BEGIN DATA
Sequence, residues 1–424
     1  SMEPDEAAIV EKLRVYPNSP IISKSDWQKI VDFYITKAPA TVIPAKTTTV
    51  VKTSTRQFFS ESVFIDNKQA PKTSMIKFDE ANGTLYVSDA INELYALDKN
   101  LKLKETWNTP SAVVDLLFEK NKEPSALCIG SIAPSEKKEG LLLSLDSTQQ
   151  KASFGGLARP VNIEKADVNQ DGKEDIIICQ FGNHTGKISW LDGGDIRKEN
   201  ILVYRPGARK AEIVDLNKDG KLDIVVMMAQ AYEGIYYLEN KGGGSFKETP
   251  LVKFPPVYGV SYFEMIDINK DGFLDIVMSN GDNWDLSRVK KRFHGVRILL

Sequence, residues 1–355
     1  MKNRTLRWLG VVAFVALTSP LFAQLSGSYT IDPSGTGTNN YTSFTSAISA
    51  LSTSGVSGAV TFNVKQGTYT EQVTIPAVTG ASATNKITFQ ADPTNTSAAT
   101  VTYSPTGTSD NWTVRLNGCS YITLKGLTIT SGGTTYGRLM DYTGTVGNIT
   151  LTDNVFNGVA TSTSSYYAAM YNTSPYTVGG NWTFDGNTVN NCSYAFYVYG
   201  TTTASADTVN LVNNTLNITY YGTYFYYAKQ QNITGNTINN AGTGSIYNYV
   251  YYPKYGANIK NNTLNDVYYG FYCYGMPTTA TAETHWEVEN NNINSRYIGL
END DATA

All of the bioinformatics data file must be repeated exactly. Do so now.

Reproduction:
Sequence, residues 1–424
     1  SMEPDEAAIV EKLRVYPNSP IISKSDWQKI VDFYITKAPA TVIPAKTTTV
    51  VKTSTRQFFS ESVFIDNKQA PKTSMIKFDE ANGTLYVSDA INELYALDKN
   101  LKLKETWNTP SAVVDLLFEK NKEPSALCIG SIAPSEKKEG LLLSLDSTQQ
   151  KASFGGLARP VNIEKADVNQ DGKEDIIICQ FGNHTGKISW LDGGDIRKEN
   201  ILVYRPGARK AEIVDLNKDG KLDIVVMMAQ AYEGIYYLEN KGGGSFKETP
   251  LVKFPPVYGV SYFEMIDINK DGFLDIVMSN GDNWDLSRVK KRFHGVRILL

Sequence, residues 1–355
     1  MKNRTLRWLG VVAFVALTSP LFAQLSGSYT IDPSGTGTNN YTSFTSAISA
    51  LSTSGVSGAV TFNVKQGTYT EQVTIPAVTG ASATNKITFQ ADPTNTSAAT
   101  VTYSPTGTSD NWTVRLNGCS YITLKGLTIT SGGTTYGRLM DYTGTVGNIT
   151  LTDNVFNGVA TSTSSYYAAM YNTSPYTVGG NWTFDGNTVN NCSYAFYVYG
   201  TTTASADTVN LVNNTLNITY YGTYFYYAKQ QNITGNTINN AGTGSIYNYV
   251  YYPKYGANIK NNTLNDVYYG FYCYGMPTTA TAETHWEVEN NNINSRYIGL